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Study shows sub-concussive blows in NFL, UFC, WWE, NHL, and other contact sports can also lead to CTE

Jason Burgos
nfl, ufc, cte
Credit: Brad Mills-USA TODAY Sports

A new study from several top academic institutions has found that the links between the NFL, UFC, NHL, rugby, and most other contact sports with chronic traumatic encephalopathy (CTE) can no longer be denied.

The issue of CTE in hard-hitting sports like football, hockey, mixed martial arts, boxing, and more has been a dark cloud hanging over those vocations. It is an issue that has only grown in relevance over the last decade as more money is invested into research on the brain damage that comes from the physicality involved in many popular sports.

Related: Concussion expert on youth football study – Brain injuries took my breath away

For many years, top leagues around the world, including the NFL, had tried to ignore and avoid the issue because of the obvious negative public relations it could have on their leagues and how some fans view it. However, as research continues to discover the links between concussions and chronic traumatic encephalopathy, leagues have taken the brain health of their athletes far more seriously.

Study demands NFL, UFC and other leagues stop ‘misleading’ fans on the causes of CTE

nfl, ufc, cte
Credit: Mark J. Rebilas-USA TODAY Sports

However, a new study by Harvard University, Oxford Brookes University, and 11 other academic institutions — in coordination with analysis from the Concussion Legacy Foundation — has revealed that chronic traumatic encephalopathy is far more serious in contact sports than most observers of those sports may realize.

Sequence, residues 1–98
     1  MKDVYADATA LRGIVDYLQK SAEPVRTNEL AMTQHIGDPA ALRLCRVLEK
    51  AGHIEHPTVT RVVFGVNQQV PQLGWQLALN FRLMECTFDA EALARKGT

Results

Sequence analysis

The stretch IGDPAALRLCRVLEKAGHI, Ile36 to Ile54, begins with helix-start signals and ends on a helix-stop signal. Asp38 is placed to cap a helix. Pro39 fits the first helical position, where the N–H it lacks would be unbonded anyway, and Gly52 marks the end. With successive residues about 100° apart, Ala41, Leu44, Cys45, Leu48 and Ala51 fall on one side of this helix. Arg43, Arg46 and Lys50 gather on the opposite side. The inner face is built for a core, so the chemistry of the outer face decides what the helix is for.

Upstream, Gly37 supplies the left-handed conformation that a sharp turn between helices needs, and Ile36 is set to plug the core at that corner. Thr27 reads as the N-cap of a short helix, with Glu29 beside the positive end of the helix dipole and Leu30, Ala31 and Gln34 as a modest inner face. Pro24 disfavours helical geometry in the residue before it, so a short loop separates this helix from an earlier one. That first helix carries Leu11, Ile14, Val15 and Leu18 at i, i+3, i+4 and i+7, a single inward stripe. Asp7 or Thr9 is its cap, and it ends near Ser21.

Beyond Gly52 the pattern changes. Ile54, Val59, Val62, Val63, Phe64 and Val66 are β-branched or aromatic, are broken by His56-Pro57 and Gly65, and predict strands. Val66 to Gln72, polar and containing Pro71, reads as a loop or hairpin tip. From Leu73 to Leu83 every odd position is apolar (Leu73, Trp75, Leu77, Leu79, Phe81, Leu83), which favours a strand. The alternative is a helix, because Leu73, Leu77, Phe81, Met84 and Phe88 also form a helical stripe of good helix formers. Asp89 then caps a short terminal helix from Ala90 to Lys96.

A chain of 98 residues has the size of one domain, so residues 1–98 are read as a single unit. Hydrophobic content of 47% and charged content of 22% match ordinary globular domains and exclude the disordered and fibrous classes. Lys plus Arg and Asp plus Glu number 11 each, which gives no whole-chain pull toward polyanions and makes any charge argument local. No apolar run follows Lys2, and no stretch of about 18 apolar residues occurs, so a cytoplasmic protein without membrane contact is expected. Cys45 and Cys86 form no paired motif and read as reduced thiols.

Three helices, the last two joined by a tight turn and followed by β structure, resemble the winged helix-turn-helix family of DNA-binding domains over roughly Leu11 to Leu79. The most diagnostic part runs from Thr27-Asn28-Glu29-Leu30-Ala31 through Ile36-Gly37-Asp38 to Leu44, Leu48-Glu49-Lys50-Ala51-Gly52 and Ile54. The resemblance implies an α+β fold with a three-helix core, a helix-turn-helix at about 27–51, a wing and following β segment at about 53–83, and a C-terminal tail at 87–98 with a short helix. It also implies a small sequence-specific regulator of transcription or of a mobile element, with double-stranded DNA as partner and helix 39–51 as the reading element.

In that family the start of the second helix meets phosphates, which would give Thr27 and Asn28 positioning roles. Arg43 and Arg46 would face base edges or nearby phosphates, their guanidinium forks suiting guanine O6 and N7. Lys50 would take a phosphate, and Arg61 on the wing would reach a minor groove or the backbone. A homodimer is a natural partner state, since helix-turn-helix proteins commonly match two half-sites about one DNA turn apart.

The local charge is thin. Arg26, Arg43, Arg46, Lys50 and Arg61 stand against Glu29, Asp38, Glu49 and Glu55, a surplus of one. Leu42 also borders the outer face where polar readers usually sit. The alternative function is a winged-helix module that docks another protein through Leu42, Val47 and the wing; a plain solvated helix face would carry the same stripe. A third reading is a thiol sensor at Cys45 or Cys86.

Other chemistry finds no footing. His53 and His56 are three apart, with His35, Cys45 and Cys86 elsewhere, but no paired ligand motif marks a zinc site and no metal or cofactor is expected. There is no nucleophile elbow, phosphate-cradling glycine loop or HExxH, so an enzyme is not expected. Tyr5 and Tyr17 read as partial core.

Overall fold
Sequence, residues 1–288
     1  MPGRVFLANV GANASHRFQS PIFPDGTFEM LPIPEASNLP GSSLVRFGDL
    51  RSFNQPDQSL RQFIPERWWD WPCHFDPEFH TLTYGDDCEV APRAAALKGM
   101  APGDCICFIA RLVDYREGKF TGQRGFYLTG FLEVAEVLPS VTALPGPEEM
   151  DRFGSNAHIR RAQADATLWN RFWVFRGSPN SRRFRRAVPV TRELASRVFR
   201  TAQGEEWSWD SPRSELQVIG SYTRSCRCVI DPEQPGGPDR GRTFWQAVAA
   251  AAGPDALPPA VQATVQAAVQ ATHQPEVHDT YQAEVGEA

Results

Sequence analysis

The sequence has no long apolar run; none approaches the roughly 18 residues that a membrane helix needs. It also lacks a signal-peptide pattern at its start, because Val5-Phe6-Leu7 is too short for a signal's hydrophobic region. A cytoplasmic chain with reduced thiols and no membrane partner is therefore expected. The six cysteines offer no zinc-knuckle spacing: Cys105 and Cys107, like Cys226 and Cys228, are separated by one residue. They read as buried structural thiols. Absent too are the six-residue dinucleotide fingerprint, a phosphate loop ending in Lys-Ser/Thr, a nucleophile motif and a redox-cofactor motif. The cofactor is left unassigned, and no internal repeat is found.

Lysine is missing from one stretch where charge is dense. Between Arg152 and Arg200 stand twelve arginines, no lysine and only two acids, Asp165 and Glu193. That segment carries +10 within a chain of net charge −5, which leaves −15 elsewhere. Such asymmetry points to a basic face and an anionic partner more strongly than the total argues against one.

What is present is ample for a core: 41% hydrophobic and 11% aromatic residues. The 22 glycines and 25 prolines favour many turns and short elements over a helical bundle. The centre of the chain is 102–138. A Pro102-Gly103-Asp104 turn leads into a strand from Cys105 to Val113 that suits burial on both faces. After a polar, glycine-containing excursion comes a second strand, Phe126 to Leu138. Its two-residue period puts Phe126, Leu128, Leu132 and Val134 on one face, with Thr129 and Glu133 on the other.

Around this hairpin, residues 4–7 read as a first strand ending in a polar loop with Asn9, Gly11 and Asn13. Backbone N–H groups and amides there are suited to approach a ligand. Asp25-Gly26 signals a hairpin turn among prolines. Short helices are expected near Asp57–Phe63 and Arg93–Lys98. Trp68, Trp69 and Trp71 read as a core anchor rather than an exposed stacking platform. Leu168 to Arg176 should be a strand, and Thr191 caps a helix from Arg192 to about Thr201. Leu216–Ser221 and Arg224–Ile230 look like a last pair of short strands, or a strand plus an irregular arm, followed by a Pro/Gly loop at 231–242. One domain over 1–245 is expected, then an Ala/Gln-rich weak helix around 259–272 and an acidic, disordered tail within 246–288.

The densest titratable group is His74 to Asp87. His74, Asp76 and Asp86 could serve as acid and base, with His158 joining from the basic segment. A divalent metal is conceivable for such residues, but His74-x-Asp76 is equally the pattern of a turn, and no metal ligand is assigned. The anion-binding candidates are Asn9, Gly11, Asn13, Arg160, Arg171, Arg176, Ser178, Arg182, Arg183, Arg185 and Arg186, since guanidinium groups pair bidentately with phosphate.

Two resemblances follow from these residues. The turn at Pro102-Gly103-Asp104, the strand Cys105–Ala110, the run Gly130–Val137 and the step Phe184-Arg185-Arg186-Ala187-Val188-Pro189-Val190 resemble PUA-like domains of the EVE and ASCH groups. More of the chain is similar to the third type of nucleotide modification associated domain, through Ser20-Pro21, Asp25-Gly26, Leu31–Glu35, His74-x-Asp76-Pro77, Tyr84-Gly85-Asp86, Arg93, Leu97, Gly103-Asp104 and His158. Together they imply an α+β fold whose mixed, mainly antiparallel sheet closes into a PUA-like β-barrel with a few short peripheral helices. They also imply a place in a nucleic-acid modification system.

Many assume that the issue starts and ends with concussions, and avoiding the severe collisions that cause them would nip the problem of serious long-term brain injury in the bud. However, this new study has found “conclusive evidence” that chronic traumatic encephalopathy can also be caused by sub-concussive blows like heading. Which is when a soccer player redirects the ball off of their head.

A subconcussive blow — defined by the Journal of Head Trauma Rehabilitation — is one that “does not meet the criteria for clinical diagnosis of concussion or mild traumatic brain injury, yet is hypothesized to have an adverse long-term effect in some individuals, particularly via repetitive occurrences.” In simple terms, various levels of brain damage can be caused even from more general collisions and blows and isn’t only in those instances where athletes are knocked out or have “their bell rung.”

“The strength of the current evidence compels us to focus on immediately implementing aggressive CTE mitigation programs, especially for children,” the authors of the study wrote.

Former WWE talent Dr. Chris Nowinski, the lead author of the study, called for sports leagues and governing bodies to stop misleading the public on the problem of chronic traumatic encephalopathy.

“Sport governing bodies should not mislead the public on CTE causation while athletes die and families are destroyed by this terrible disease.”

lead author Dr Chris Nowinski [h/t The athletic]

Chronic traumatic encephalopathy has been diagnosed as a form of dementia that can lead to dramatic changes in mood, behavior, and cognition. In post-mortem examinations, former NFL players like Dwight Clark, Aaron Hernandez, Frank Gifford, Vincent Jackson, and Junior Seau all suffered from CTE. Several of them saw their lives end in tragic ways following irrational behavior that differed greatly from the people they were years before.